Celebrating the Unpopular Arts

Review time! with ‘Derborence: When the Mountain Fell’

“I’m a landslide, open season’s just begun”

Derborence, which is published by Helvetiq, is based on a novel by Charles Ferdinand Ramuz from 1934. It’s set in the 1700s, and it’s about an avalanche in the Swiss Alps. It was adapted by Fabian Menor, who had help with the layouts from Ajša Zdravković, it’s been translated by Michelle Bailet-Jones, edited by Richard Harvell, and proofread by Karin Waldhauser.

This is a very quiet book (except for, you know, the avalanche). It tells a simple story, in which a man, Antoine, goes up the mountain with his new wife’s uncle, Séraphin, to tend the cows for the summer. He leaves behind his wife, Thérèse, who discovers while he’s away that she’s pregnant. While the men are on the mountain, there’s an avalanche that kills everyone … or so it seems. In the book, apparently, there’s a noticeable passage of time – almost two months. In the comic, time also passes, but it’s not quite as obvious. Either way, Antoine is not dead – he was in a spot that, miraculously, was untouched by the rocks, creating a small pocket in which he survived and was able to dig out of. When he returns to the village, the people aren’t quite sure if he’s a ghost or not, although after their initial shock, they’re happy to see him. Thérèse doesn’t tell him she’s pregnant, as she doesn’t get much time alone with him as the townspeople are celebrating his return. He hears that Séraphin’s body has not been recovered, and he’s convinced he’s still alive, so he goes back up the mountain to find him, much to his wife’s chagrin. She decides she’s going to go up and fetch him, despite her pregnancy and despite the menfolk of the town telling her she’s foolish, as Antoine is either insane or actually has been a spirit all along. Does she find him? Ah, that would be telling, now wouldn’t it?

As you can tell, there’s not a lot of churning plot in this book, but that’s fine. Not everything has to be an intricate story, after all. What a contemplative book like this allows us to do is project our own thoughts onto it, and those may or may not have anything to do with what the author(s) wanted. In this book, we get the superstition of the locals, which could easily be a critique of the backwardness of the rural people (probably not, given that Ramuz grew up in the area) or even a critique of religion, which appears like superstition if you want to look at it that way. Antoine is a Christ figure, after all, and the people are suspicious of him for a while and then a bit scared of him because he doesn’t fit into their society very well anymore. There’s also a touch of xenophobia, as Antoine has become the “other,” and people don’t quite know how to approach him. Even Thérèse wants to tell Antoine about her pregnancy but hesitates, fearing, perhaps, his reaction (Antoine is a bit confused about her presence, which leads her to believe that either it’s not really him or something has irrevocably changed in him). In this relationship, we also get a metaphor for a dissolving marriage, as Antoine is so focused on other things that he misses the fact that his wife is pregnant, and she doesn’t tell him. Does she think he might do exactly what he does, which is run for the hills (quite literally)? He wants to find Séraphin, of course, but this could be seen as someone shirking their responsibilities to chase pipe dreams. It’s a miracle that Antoine is alive. It’s doubtful they’d get another one and find Séraphin alive, too. The quiet of the pages and the silence of the characters allows the reader to fill in the blanks. We might be not picking up the author’s intent, but it’s what we can take from the book that matters. You might get something completely different.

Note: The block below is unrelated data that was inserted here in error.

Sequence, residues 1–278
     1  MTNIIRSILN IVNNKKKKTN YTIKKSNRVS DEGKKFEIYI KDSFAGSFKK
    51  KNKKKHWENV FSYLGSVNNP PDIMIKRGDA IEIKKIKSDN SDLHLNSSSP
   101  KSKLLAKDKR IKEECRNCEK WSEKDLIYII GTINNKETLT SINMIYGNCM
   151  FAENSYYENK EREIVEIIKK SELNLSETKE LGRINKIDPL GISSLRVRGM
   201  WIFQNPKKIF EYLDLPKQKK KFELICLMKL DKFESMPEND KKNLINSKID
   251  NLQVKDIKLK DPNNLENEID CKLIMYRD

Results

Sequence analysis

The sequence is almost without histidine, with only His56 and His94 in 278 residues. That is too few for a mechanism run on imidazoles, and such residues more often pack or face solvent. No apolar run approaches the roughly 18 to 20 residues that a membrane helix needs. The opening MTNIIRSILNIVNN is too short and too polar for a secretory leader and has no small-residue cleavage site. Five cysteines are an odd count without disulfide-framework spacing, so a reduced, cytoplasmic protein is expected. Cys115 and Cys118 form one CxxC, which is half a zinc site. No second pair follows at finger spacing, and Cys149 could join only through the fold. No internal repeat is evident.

Menor’s art is also fairly contemplative, which aids with the tone of the book. About 40 pages in, we get several double-page spreads of the avalanche, and while there’s not a lot of detail – just a lot of violent brushstrokes – it’s still a clever way to divide the book into pre- and post-landslide periods, as it forms a solid barrier between the world as the people knew it and the strange world they enter after the mountain falls. Menor uses thick, somewhat ragged brushstrokes to create a world dominated by unruly nature, where the people – who are drawn more delicately and who are colored with more shading – seem small and out of place. He does a lot with a little, twisting mouths into small smiles when something good happens, as if the townspeople can’t quite believe their good fortune and are wary of it changing, and when Antoine comes back, he’s very good at making Thérèse both happy and pensive, as she’s unsure what has happened to her husband. The post-avalanche scenes, in which Menor shrouds everything in dreary and fuzzy watercolors, are very well done, as are the scenes when Antoine comes out of the mountain. His beard has grown, naturally, but Menor draws him a bit more ragged, implying that he himself has become part of nature, and when he gets back to the village, his new rough-hewn status doesn’t quite work with the civilized world. Even when he shaves, he still looks a bit off, and it’s not surprising that he heads back up the mountain. Menor’s art is rough and angular, reflecting the rough world of the 18th-century Alps. It looks simple, but it’s a bit more complex than it looks.

Derborence is an interesting look at how a community can be shattered and how it can put itself back together, even if it’s in a different form. It shows the power of the community bond, but also how that can become something darker, and while it’s not a horror book by any means, that darkness at the fringes lends it a slight menacing undertone that makes it more compelling. It’s very thought-provoking, and isn’t that something we all want from our fiction?

Rating: ★ ★ ★ ★ ★ ★ ★ ☆ ☆ ☆

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